Ping Pong Cellular Telephony: Chinese phones and US SIM cards
June 4, 2008 8:13 PM   Subscribe

Phone from China, SIM card in the US: what do I need to know to make sure I have a working cell phone when I return to the US for a month or two this summer?

My girlfriend and I are currently living in China and will be returning to the US for a month or so this summer. We would both like to have cell phones while in the US without having to get on a plan or buying separate phones for the two countries. I've never dealt with SIM cards in the US.

The best solution I envision is being able to purchase prepaid SIM cards when we arrive in the US, pop it into our phones, and start making phone calls. How plausible is this? My cell phone is a Nokia 2100, which I believe is EGSM 900, GSM 1800. Because it works with both of the major providers' SIM cards in China, I believe it is also unlocked. What other specifications are important?

My girlfriend, on the other hand, needs to purchase a new cell phone and would like one that works in both countries. What specifications does the phone need to have so we can be assured it will work in the US?
posted by msbrauer to Technology (6 answers total)
 
In the US, the two frequencies used are 1900 and 850. As your phone supports neither of these, you will need to buy new phones for the two of you. I would recommend you buy something like the GoPhone even though that will be only usable on our crappy wireless companies.
posted by ooklala at 8:25 PM on June 4, 2008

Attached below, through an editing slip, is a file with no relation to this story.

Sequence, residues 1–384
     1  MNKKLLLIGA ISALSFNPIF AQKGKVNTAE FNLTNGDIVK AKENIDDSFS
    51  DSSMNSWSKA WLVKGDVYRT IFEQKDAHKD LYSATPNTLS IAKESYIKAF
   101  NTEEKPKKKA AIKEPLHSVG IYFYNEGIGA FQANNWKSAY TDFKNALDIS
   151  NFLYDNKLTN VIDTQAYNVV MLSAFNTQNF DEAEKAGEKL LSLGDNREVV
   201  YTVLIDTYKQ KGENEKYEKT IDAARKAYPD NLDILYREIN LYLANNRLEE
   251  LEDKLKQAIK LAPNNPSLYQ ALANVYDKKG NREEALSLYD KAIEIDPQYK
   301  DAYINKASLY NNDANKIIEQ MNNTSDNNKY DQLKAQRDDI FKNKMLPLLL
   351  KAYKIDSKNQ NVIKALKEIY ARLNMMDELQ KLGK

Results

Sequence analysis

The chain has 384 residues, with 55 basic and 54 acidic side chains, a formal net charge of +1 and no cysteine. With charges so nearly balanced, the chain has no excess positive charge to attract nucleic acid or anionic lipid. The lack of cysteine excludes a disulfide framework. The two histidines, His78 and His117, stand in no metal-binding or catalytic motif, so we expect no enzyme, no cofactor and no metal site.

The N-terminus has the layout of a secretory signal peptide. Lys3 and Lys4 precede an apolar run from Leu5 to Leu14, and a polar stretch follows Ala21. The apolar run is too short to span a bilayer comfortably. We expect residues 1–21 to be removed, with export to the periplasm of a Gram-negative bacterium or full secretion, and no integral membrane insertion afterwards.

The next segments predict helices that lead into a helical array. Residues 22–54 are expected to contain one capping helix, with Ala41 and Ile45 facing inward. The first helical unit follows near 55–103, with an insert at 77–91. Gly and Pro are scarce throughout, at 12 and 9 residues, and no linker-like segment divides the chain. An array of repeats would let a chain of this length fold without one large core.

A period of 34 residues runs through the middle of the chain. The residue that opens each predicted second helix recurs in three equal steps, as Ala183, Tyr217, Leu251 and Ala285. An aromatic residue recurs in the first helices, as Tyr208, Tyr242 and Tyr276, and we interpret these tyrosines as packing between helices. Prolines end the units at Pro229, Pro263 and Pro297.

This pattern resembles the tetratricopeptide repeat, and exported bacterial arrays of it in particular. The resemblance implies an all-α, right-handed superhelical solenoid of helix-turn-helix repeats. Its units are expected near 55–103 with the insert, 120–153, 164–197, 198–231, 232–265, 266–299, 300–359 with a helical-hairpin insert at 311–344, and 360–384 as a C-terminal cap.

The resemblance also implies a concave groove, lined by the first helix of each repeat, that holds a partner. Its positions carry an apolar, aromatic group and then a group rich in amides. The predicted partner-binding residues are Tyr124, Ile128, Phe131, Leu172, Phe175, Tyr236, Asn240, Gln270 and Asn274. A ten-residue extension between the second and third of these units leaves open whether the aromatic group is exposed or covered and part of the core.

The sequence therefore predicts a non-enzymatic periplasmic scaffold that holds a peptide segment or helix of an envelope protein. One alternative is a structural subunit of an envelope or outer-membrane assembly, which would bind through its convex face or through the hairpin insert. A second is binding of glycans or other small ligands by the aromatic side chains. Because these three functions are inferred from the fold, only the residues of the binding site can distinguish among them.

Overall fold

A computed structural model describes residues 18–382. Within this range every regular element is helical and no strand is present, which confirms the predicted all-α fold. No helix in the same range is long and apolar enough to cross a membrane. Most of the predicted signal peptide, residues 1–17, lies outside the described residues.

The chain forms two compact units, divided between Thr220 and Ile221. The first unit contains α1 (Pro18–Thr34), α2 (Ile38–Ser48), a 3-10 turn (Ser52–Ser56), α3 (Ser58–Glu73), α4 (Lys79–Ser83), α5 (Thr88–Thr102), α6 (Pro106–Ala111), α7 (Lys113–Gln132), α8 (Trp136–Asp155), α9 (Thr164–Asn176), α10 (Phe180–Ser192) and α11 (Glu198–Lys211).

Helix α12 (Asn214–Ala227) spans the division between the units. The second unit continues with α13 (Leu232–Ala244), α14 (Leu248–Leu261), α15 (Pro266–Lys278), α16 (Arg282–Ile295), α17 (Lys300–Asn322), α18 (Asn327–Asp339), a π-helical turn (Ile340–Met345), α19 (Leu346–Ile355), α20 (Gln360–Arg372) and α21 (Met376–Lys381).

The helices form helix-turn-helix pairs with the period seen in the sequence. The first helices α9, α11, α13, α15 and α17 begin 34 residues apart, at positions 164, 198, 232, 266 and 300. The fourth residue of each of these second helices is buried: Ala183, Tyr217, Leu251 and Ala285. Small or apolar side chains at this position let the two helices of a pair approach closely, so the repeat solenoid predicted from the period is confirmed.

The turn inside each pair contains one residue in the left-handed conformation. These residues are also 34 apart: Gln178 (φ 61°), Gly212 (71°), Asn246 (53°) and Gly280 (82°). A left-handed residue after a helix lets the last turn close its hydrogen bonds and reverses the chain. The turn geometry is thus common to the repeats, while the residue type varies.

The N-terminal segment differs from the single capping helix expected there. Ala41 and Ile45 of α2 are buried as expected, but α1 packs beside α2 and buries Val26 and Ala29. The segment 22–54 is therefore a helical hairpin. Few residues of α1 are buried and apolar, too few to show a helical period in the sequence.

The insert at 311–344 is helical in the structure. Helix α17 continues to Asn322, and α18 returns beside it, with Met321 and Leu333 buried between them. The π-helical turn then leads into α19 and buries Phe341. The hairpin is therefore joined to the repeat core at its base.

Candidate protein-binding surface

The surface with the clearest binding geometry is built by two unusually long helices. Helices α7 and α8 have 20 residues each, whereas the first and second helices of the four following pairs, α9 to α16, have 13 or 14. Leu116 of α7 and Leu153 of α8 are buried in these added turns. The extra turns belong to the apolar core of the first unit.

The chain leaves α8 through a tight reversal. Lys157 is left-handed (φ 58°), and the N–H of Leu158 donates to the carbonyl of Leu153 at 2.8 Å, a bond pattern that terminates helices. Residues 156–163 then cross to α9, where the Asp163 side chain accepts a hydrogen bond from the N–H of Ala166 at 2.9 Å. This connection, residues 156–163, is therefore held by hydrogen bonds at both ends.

I've always used Sony Ericsson phones in both the US and China/HK. I used T-Mobile in the US and a variety of major telecoms in China. Never had an issue. Just switched out the SIM cards and I was good to go.

I specifically used the K700 & K750i. Both work great.
posted by qwip at 9:33 PM on June 4, 2008


Two options... I'd just buy a virgin mobile card from 7-11 in the US.

The second option is to buy one in China.

Use a bit of intuition and smarts, and buy the cheapest quad you can find there in China.

One thing to look for is on the list of features on the card next to the phone, there will be a list of the features and price of the phone. You know what I'm talking about, right... the list that's not in English, is usually blue for reason, and has the price stamped on the bottom. They're in those big cell phone store monstrosities that are in every mid to upper-tier shopping area in Chinese cities. The two things you'd be looking for us the price and a line that has the number of bands on the phone.

There's usually a line that has the number of bands... I forget the second character, but the first character is just a number. So there's

二band, 三band, and 四band phones.

It might help if you could write down "800 MHz, 950 MHz, 1850MHz, and 1900MHz". They'll know what you're talking about.

This isn't an exotic request, I believe it's important for those traveling to Hong Kong or Taiwan.

And then, as an exercise to you, the reader, wrangle out a SIM card from a company in the states.
posted by sleslie at 9:54 PM on June 4, 2008


I bought a phone just a few weeks before I left China for similar reasons. If you put in a SIM, no problems. But yeah, your phone isn't going to work in the US. I bought a nokia 2610, which was the cheapest phone I could find that would work in both countries and had a dictionary. They're widely available, and pretty cheap, I can't remember the exact price, but I think it was about 550 RMB, two months ago.
posted by bluejayk at 11:15 PM on June 4, 2008


I did the same thing and it did not work. We had to buy cheap-o prepaids back in the US despite buying several sim cards and "unlocked" phones at some supposedly reliable black market shops in Beijing.
posted by Pollomacho at 5:15 AM on June 5, 2008


My Nokia 3230^ that I purchased in Chongqing before returning stateside works fine with AT&T. For an additional $10 a month I have international text messaging. I recall paying ~1500rmb a year ago so I expect you could find one for considerably less in the rapidly changing Chinese cellular market.
posted by geekyguy at 10:13 AM on June 8, 2008


« Older How do credit bureaus work in ...   |  There is a black rectangle acr... Newer »
This thread is closed to new comments.